You can imagine in 34 years of practice, I have witnessed a lot of events, many terrifying and tragic for the children involved. I was reminded of one of those events recently when I was reading an article about ATVs or All Terrain Vehicles. Remember, I live in the south where ATVs and dirt bikes are popular in areas where there is a lot of open space. Many of my patients ride these vehicles with their very powerful engines. In my mind, powerful motors and children are a very bad mix. More on that in a few minutes.
Motorized Vehicles are Not Toys
The story that flashed back to me while reading an article about ATV injuries in children was actually a little humorous. Part of my routine during checkups is to go over some safety issues with all the school age children. You know, learn to swim, caution about diving, no flips on a trampoline, no playing with fire, explosives or guns as toys, and no motorized vehicles. A number of years ago, I was counseling this one family who had two daughters and lived in a very rural area. I had no idea that the Dad rode ATVs avidly but he did. One time he brought his older daughter in for a checkup and I started into my litany of cautions. The daughter interrupted me when I got to the powerful motor caution and she told me a story of a ride she had with her Dad on an ATV. It was an adult ATV and the daughter was riding on the back. She said her Dad revved up the engine and the vehicle instantly flipped resulting in the nose of the vehicle becoming the rear and coming down upside down on them. The young girl told me that DURING the flip, she screamed…”Dr. Smolen told me not to ride on this thing!” Fortunately, the ATV flipped in an area with a little depression in the terrain and the very heavy, moving ATV didn’t come down on Dad and daughter with all of its force. They were scrapped up badly but neither sustained a serious injury. Both had helmets on thank goodness. Dad did something right that day.
So back to the issue of powerful motors and children… a no brainer bad mix in my mind but I see families who can’t wait to get their little boys on dirt bikes when they are 6 years old. You can imagine in the land of Nascar, speed and power can be an positive attribute for a toy, not a liability. I know these parents don’t want their children to get hurt. No I think they are just anxious for their children to enjoy the thrill of speed and power that they enjoy… but at what risk? According to the Academy of Pediatrics article I was referring to a minute ago, 3000 children under age 16 years have been killed on ATV’s since 1982, 43% of them less that 12 years old. Probably tens of thousands more have been injured during this period of time. Here is a doc Smo pearl for you parents considering the purchase of an ATV or dirt bike for your kids, “A toy that can kill or cause lifelong injury, simply isn’t a toy at all!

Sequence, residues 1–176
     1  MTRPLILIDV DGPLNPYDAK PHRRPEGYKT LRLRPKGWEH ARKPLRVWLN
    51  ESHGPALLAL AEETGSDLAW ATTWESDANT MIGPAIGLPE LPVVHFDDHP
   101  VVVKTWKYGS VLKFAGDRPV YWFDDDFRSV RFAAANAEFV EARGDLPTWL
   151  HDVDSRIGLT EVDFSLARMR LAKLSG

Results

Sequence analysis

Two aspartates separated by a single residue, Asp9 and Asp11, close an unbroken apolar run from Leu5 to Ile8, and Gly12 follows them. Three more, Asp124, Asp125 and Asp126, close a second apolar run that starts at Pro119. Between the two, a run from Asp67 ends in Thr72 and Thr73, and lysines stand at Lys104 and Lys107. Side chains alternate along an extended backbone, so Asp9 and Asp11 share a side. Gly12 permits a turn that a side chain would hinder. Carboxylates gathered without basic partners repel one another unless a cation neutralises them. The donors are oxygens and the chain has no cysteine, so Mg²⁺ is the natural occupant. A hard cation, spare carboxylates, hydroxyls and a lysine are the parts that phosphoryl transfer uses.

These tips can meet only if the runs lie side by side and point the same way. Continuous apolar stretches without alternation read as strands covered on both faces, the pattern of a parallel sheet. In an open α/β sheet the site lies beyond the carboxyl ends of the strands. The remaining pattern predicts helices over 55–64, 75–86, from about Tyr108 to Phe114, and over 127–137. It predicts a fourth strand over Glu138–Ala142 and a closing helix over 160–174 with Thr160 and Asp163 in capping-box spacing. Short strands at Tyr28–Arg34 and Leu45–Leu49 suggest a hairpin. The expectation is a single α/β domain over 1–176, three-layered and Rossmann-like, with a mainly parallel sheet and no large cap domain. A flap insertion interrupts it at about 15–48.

How Can You Make ATV’s Safer?
But if you insist on allowing your children to ride these powerful vehicles, here are some tips from the AAP that might keep them safer:
Make sure your child wears a motorcycle (not bicycle)-style helmet that fits snugly.
Look for DOT or Snell ratings on the box. Never purchase a helmet that is too big for your child so he or she can “grow into it.”
Suit up your child with padded, reflective clothing and protective eyewear.
Do not allow children to ride on the street or between dusk and dawn.
Allow only one rider on the ATV at a time.
Always supervise children on ATVs.
If you are buying an ATV, choose one with a seat belt, roll-bar, engine covers and a speed-limiting device.
Well, thats this week’s installment of portable practical pediatrics. If you enjoy learning pediatrics in this format, take a moment and SUBSCRIBE at my blog, www.docsmo.com. If you do, I will send you an email notice of each new post and you can decide if you are interested in that topic that week. This is Dr.Paul Smolen, hoping that you won’t be too coy, about only buying your children a safe toy. Until next time.
4.http://pediatrics.mc.vanderbilt.edu/interior.php?mid=4722&news_id=1613 © 2014 by the American Academy of Pediatrics